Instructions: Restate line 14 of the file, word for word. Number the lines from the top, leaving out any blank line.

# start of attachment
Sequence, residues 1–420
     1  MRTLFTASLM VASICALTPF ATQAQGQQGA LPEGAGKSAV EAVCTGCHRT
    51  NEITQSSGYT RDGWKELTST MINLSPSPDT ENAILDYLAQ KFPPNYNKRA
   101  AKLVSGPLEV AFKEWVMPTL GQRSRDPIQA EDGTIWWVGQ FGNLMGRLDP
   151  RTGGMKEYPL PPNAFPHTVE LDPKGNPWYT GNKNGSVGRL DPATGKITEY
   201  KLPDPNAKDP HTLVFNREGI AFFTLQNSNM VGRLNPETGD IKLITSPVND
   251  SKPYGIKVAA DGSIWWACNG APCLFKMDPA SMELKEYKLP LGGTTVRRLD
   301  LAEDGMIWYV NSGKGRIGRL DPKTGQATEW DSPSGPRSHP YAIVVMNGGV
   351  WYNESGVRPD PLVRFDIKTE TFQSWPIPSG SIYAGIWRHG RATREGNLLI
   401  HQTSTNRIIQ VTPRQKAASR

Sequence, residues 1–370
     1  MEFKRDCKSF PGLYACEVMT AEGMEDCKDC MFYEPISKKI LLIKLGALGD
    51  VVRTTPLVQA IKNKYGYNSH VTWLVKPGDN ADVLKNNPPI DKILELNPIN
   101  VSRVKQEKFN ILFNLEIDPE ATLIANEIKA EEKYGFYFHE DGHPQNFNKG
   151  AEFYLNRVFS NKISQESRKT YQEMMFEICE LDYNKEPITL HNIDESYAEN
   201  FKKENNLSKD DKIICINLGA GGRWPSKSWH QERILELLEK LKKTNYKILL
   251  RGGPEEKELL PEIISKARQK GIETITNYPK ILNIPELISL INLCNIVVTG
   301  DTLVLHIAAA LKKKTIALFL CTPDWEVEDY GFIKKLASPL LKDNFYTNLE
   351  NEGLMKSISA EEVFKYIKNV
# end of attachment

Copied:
   101  VSRVKQEKFN ILFNLEIDPE ATLIANEIKA EEKYGFYFHE DGHPQNFNKG